Charles Kenzie Steele was born on this day, February 17, in 1914.
Steele was a prominent Civil Rights activist and one of the central organizers of the Tallahassee Bus Boycott in 1956. He moved to Tallahassee with his family in 1952 to become the preacher at Bethel Missionary Baptist Church.
On May 27, 1956 two black Florida A&M University students refused to move to the colored section at the back of a city bus. The students were arrested on the grounds that their actions were riot-inducing. Later that evening, a cross was burned on the lawn of the house shared by the two students.
Steele and other community members responded by forming the Inter-Civic Council, a local organization responsible for planning and carrying out what would become a 7 month-long boycott of the bus system. Steele served as the first president of the organization, as well as the president of the local chapter of the NAACP.
The Tallahassee bus boycott was successful due to the efforts of the Inter-Civic Council to arrange carpools to transport boycotters without using the public transportation system. The Tallahassee event was only the second organized bus boycott in the nation, fueled and inspired by the events of the Montgomery bus boycott, and was in some ways more immediately successful. The loss of revenue from boycotters crippled the Tallahassee bus system, leading to great turmoil within the city, but ultimately an agreement was reached in December 1956. The bus system was fully integrated in 1958.
In 1957, Steele became the founding executive vice president of the Southern Christian Leadership Conference (SCLC), with Martin Luther King Jr. serving as the founding president. The purpose of the SCLC was non-violent mass actions to end segregation. Steele’s oldest son, Charles Steele Jr. serves as the current president of the SCLC.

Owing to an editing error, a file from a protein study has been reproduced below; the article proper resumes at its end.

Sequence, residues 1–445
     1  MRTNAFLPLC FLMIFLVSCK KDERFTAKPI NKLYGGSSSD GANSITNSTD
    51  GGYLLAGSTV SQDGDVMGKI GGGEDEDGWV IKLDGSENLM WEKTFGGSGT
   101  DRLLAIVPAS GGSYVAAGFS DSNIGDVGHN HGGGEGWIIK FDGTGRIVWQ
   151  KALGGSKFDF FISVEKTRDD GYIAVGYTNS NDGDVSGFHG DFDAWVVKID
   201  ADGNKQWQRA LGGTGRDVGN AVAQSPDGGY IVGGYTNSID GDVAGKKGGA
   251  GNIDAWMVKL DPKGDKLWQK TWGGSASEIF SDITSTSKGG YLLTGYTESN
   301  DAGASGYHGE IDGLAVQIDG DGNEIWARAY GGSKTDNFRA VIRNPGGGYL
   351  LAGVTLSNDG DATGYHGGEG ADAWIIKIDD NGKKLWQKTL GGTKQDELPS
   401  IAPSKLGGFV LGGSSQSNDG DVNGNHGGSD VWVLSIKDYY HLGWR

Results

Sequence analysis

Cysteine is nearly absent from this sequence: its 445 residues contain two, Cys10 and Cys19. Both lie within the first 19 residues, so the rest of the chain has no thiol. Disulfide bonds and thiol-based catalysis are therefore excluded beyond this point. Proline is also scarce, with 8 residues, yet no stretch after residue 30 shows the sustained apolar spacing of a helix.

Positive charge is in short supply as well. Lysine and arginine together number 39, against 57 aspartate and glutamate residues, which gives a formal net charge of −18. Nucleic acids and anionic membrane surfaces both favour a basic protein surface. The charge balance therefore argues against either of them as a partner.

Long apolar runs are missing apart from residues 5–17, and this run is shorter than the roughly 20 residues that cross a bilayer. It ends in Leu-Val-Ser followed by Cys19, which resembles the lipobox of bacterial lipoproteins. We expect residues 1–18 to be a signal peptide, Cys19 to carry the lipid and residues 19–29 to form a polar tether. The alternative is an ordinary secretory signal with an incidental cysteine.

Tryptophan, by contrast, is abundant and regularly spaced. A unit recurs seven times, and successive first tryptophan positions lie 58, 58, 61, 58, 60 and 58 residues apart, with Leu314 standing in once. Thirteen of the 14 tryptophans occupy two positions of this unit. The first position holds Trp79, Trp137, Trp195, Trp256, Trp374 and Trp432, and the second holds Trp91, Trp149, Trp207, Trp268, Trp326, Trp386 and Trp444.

Steele fought tirelessly to end segregation in Tallahassee and confronted injustice directly. He was committed to the principles of non-violence despite the constant threats and harassment he and his family endured from local members of the white community.
In 1980, Steele was the first African-American to be awarded an honorary doctorate of Humane Letters from Florida State University. His dedication to the integration of the Tallahassee bus system is celebrated in the the designation of the central bus station in Tallahassee as C. K. Steele Plaza.
To learn more about the local Civil Rights Movement in Tallahassee, please visit the Tallahassee Civil Rights Oral History Collection (01/MSS 1990-001). http://purl.fcla.edu/fsu/MSS_1990-001
Charles Kenzie Steele. https://en.wikipedia.org/wiki/Charles_Kenzie_Steele
Padgett, Gregory B. (1994). C. K. Steele, a biography (Doctoral dissertation). http://purl.flvc.org/fcla/dl/FS00000104.jpg
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This is quite an informative piece of History. I’ve heard of and read of Reverend CK Steel, but did not know if some of the detailed information you have included in this article.